The alleged illegal activity was found during a routine check last weekend by Las Vegas police. A spokeswoman said the Rio decided to suspend topless sunbathing on Tuesday. The hotel and gentleman's club face no charges.
The link to the Rio's Sapphire Pool is now also gone.
The experiment was Vegas' first foray into trying to combine gambling and stripping, albeit in a strange hybrid because of morality laws. The idea is to lure gamblers (assumed to be male) to a hotel so they can pay $30 to $50 for a chance to see half-naked women -- and swim, of course. Other hotel-casinos like Caesars Palace, the Venetian, and MGM Mirage also have topless pools.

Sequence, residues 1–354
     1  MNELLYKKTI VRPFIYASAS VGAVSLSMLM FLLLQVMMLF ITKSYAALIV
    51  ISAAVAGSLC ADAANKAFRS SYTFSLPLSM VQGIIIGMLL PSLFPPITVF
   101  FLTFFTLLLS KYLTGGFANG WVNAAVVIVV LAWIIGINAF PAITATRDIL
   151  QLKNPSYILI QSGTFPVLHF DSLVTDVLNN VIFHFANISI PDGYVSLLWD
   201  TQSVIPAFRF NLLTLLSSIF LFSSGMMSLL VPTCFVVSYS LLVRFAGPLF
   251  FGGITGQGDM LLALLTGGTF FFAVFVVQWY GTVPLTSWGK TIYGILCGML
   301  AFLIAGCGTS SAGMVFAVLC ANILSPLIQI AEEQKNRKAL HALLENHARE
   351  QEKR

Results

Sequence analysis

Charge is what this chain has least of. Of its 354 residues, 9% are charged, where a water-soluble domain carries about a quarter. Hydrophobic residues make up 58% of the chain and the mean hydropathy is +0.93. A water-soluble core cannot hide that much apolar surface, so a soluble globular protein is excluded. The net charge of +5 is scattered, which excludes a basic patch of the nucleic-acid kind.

Is it a surprise that working girls may find the topless pools a great way to find business? Not at all, but I don't think casinos understood the scale of illegal activity that could be conducted at a pool. But they mised the main problem -- it's not just a topless pool, it's a complete nightclub -- which had a celebrity-studded opening in May. It has seven VIP cabanas, daybeds and a party atmosphere with a lot of drinking. In Las Vegas, as it is in New York or Los Angeles, nightclubs mean party drugs and party girls.
Photo of Sapphire Pool courtesy of Rio All-Suite Hotel & Casino